“We’ve learned how to grind through longer than just a few innings. We’ve come up with the term ‘Clutch City’ is what we use,” Walker said. “We take inning by inning and pitch by pitch. No matter what the score, there’s no other way but to come back and fight and that’s really what we do. You just keep grinding every single inning and try to win the inning. If we lose one inning, the next’s innings our next goal and we’re going to take that next inning and try to win that one.”
It’s an attitude that worked, if not to perfection, to something very near that. There as a comeback from a nine-run deficit in an early-season league game against American Fork, and the Vikings one win over Lone Peak, in the middle game of that three-game set, was a bottom of the seventh come-from-behind, extra-inning finish. It was a game that featured big hits from Henry and first-team all-state second baseman Ben Eldredge, but also from reserves Hayden Veenker and Logan Hooley.
“We don’t say one through nine on our team, we say one through everybody,” Payton Henry said. “We have three pinch-hitters there and two of them get hits. You can’t just count on one through nine, you’ve got to have those other guys come through in the clutch too, and they did. We believe in them just as much as they believe in us, and we all believe in the process and that’s why we all get stuff done like that. Those guys grind just as hard as we do.”
Walker batted .418, with 44 runs scored and finished the season with an 8-1 record as the team’s No. 1 pitcher. He struck out 90 batters in 58 innings pitched. Those numbers and his outstanding leadership earned him that Mr. Baseball selection and will take him to Brigham Young University to play next season.
Payton Henry was named 5A MVP, Utah’s Gatorade Player of the Year and a MaxPreps Underclassmen All-American. As a junior, the UNLV- committed catcher, is the state’s most feared offensive player and a particularly skilled defensive backstop. For the season, he batted .527, with 11 doubles, nine home runs and 46 RBI. Henry also drew 25 walks while striking out just eight times, and he was on the mound to close out the state championship game, firing his high-80s fastball to pick up his fifth save of the year as the team’s closer.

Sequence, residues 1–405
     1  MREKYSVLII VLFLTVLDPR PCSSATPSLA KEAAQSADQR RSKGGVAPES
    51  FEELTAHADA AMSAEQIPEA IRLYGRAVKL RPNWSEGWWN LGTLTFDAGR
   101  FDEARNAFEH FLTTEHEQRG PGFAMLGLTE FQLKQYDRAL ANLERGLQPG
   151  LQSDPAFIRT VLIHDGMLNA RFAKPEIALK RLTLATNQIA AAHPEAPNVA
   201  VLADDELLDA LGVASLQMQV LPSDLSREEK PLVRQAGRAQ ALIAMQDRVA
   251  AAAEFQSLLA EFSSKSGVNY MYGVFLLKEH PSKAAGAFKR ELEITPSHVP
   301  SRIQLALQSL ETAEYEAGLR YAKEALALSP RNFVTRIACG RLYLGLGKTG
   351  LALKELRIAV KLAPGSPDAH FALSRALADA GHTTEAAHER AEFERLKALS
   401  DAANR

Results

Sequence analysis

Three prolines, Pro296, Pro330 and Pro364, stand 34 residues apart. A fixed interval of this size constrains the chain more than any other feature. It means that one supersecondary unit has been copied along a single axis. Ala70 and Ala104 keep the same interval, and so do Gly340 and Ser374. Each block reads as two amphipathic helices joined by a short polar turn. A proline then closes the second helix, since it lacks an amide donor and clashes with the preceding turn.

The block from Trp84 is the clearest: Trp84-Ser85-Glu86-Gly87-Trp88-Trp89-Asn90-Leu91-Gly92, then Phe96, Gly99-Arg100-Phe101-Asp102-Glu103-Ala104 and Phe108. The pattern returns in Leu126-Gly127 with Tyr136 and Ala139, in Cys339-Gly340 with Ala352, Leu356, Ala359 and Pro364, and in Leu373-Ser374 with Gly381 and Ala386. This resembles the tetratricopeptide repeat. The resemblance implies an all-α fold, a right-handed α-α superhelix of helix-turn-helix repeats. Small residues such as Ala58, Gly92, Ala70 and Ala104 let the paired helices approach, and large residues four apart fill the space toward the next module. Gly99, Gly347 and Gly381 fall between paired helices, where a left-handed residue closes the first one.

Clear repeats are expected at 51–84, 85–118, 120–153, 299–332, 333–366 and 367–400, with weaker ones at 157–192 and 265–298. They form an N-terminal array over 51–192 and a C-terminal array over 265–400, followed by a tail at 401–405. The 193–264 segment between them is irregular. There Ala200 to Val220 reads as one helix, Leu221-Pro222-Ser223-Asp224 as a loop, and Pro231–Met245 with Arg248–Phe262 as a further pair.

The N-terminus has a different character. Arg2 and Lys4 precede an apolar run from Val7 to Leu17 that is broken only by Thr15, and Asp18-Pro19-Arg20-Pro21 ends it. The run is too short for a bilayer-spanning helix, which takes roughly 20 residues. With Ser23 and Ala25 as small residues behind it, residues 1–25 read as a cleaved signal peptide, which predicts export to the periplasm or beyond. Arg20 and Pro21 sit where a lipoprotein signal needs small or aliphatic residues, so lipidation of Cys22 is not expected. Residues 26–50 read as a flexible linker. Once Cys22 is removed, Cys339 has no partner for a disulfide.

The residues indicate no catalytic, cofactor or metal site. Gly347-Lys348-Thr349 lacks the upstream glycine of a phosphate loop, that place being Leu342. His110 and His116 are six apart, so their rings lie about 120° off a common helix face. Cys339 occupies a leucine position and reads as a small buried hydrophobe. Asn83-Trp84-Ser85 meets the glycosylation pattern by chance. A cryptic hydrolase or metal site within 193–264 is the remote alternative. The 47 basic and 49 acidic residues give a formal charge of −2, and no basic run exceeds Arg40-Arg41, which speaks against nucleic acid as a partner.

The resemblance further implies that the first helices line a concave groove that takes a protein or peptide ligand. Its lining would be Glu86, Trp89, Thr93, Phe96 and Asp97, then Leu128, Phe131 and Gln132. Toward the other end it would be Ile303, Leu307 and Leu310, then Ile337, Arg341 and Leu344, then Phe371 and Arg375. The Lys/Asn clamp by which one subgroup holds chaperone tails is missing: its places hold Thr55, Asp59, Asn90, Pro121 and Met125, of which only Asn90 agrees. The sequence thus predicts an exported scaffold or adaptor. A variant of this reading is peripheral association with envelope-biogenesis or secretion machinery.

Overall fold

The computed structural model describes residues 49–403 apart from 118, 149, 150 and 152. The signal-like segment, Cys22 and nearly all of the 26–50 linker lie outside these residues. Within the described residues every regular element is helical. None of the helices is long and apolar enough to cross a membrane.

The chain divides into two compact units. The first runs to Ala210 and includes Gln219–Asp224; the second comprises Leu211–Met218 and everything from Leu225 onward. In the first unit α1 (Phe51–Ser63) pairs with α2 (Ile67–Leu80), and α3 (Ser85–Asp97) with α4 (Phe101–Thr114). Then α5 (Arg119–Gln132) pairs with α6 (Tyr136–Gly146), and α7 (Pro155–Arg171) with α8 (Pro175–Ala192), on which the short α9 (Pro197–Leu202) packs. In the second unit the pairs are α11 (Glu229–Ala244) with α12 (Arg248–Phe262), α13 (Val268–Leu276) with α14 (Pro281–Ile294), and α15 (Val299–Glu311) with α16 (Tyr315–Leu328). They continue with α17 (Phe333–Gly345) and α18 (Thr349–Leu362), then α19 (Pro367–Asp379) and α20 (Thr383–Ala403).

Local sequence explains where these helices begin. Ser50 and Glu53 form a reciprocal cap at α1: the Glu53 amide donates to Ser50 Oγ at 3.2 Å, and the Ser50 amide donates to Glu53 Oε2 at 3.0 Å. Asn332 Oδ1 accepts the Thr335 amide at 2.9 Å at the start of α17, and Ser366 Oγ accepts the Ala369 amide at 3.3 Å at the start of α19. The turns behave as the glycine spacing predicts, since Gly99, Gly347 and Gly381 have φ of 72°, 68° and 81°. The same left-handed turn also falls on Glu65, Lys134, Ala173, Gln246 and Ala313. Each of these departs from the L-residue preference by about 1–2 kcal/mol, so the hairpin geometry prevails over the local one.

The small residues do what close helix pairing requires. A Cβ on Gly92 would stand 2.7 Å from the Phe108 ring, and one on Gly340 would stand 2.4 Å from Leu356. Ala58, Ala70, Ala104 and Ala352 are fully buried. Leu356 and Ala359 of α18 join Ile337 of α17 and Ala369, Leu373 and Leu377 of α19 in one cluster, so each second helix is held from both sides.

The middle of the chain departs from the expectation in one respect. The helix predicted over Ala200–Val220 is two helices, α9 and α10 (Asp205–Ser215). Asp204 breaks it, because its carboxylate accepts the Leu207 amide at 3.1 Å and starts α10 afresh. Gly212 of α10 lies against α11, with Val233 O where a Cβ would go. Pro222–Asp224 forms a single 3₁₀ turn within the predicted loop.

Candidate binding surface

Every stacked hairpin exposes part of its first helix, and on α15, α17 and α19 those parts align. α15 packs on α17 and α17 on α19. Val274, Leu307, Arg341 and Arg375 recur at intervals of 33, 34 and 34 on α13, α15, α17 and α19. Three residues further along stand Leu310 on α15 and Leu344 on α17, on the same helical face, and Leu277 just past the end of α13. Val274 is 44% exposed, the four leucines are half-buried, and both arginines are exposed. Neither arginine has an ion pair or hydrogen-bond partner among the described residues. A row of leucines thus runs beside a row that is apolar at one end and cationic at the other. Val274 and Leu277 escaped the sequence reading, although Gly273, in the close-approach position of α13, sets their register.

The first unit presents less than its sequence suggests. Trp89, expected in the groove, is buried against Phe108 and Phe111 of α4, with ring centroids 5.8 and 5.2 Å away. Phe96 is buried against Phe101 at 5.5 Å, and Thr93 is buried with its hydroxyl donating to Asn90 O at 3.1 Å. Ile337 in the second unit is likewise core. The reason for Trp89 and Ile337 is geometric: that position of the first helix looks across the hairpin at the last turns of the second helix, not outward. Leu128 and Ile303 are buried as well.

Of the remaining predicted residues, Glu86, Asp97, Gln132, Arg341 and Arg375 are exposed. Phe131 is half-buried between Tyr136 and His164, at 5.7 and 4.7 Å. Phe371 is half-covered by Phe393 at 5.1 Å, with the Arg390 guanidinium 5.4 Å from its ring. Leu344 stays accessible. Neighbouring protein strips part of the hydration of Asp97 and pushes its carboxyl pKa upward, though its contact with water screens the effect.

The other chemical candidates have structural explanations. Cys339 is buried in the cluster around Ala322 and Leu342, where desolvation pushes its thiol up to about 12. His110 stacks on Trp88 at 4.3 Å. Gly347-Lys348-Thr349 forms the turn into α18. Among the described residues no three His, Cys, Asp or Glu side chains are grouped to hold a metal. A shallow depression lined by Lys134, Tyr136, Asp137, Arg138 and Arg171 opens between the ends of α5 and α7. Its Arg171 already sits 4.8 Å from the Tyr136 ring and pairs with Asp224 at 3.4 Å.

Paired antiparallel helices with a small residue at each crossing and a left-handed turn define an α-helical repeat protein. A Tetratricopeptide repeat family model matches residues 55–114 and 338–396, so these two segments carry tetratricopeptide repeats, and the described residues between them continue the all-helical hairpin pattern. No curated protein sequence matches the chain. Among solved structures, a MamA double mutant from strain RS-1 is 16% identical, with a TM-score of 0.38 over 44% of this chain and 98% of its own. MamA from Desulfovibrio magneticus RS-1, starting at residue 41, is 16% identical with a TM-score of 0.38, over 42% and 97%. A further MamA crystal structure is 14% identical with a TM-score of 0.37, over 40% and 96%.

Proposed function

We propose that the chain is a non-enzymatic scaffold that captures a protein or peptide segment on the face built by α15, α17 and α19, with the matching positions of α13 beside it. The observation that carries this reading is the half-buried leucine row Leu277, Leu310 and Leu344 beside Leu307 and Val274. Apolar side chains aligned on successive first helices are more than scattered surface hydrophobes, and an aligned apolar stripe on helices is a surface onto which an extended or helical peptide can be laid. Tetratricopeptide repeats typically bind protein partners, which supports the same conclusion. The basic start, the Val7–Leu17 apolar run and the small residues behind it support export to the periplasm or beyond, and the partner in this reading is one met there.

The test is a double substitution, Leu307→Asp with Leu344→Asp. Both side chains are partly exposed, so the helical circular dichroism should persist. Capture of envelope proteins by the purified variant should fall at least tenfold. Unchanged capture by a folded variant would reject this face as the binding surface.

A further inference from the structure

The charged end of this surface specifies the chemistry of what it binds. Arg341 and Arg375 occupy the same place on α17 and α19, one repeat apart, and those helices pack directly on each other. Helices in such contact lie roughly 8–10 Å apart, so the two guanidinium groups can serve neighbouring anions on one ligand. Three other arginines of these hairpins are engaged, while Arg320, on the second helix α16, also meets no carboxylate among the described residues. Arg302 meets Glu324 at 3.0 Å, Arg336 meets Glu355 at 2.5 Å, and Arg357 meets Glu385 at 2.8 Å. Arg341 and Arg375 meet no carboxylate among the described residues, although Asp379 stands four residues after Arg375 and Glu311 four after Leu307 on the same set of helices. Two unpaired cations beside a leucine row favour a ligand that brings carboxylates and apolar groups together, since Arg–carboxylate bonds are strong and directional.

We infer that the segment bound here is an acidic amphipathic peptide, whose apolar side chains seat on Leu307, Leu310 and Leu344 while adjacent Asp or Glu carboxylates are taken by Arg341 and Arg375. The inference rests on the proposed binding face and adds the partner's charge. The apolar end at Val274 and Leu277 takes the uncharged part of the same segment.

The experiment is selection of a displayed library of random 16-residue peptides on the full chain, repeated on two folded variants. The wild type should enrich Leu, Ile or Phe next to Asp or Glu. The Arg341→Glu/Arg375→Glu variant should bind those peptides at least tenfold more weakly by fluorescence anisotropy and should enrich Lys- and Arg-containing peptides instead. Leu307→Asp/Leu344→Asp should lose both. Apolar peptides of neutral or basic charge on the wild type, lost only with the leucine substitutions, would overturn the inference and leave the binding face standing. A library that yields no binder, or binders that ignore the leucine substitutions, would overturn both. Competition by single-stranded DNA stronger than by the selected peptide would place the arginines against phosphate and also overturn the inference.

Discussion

Eldredge finished the season as a .495 hitter, with 13 doubles, five home runs and 36 RBI, with 42 runs scored. Outfielder Chase Merrell was another huge contributor to this special season, with a .411 average and 10 stolen bases.
On the bump, Walker had a lot of help, particularly from Logan Carlson (7-0, 1.63 ERA), who allowed just 38 hits in 52 innings pitched. Derek Wall, who took the ball and delivered in the state title game, was 5-0 with a 2.73 ERA.
It was a wire-to-wire performance that caught attention beyond state borders, considering Pleasant Grove was ranked nationally for much of the season before finishing in that No. 5 position in the USA Today rankings. Coach Henry, however, was much more into that other ranking, No. 1, that came with winning the state tournament.
“It’s an honor for the program (national ranking), it really is, but in the big picture, we haven’t won a state championship here in a long time and we only want to be ranked No. 1 in our state after the last game’s over,” Darrin Henry said during an interview late in the regular season. “I’ve told the boys for quite a while, ‘Let’s just let everyone else talk about us and let everyone else do whatever, but we’ve got to be worker bees and just keep perfecting the fundamentals.’ If we can be the best at working hard at the fundamentals, then that’s what I care about more than the national rankings, but it sure is a pleasure for the program and it’s a pleasure for these boys to see some results of how hard they have worked. What does it mean? It doesn’t mean anything, we all know that. At the end of the year, we can have the ranking that we want, and that’s in the state.”
The results are impossible to ignore, and thus our selection of Pleasant Grove High baseball as the Preps Utah boys team of the year.